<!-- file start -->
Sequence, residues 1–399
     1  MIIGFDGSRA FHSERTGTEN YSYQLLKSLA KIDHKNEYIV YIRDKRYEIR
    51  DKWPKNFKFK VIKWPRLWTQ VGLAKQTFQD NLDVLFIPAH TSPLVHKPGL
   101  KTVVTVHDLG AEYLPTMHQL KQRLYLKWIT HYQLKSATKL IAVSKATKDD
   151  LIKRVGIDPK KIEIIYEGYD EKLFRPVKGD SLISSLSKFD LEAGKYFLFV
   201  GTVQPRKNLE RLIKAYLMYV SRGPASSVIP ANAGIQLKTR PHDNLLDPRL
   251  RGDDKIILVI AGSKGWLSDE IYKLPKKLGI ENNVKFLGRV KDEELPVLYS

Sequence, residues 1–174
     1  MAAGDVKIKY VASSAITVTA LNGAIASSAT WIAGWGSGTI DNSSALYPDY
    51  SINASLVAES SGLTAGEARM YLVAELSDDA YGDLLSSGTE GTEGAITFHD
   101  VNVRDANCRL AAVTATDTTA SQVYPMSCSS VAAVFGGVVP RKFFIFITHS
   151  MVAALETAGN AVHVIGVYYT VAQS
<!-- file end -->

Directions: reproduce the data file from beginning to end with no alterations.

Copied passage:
Sequence, residues 1–399
     1  MIIGFDGSRA FHSERTGTEN YSYQLLKSLA KIDHKNEYIV YIRDKRYEIR
    51  DKWPKNFKFK VIKWPRLWTQ VGLAKQTFQD NLDVLFIPAH TSPLVHKPGL
   101  KTVVTVHDLG AEYLPTMHQL KQRLYLKWIT HYQLKSATKL IAVSKATKDD
   151  LIKRVGIDPK KIEIIYEGYD EKLFRPVKGD SLISSLSKFD LEAGKYFLFV
   201  GTVQPRKNLE RLIKAYLMYV SRGPASSVIP ANAGIQLKTR PHDNLLDPRL
   251  RGDDKIILVI AGSKGWLSDE IYKLPKKLGI ENNVKFLGRV KDEELPVLYS

Sequence, residues 1–174
     1  MAAGDVKIKY VASSAITVTA LNGAIASSAT WIAGWGSGTI DNSSALYPDY
    51  SINASLVAES SGLTAGEARM YLVAELSDDA YGDLLSSGTE GTEGAITFHD
   101  VNVRDANCRL AAVTATDTTA SQVYPMSCSS VAAVFGGVVP RKFFIFITHS
   151  MVAALETAGN AVHVIGVYYT VAQS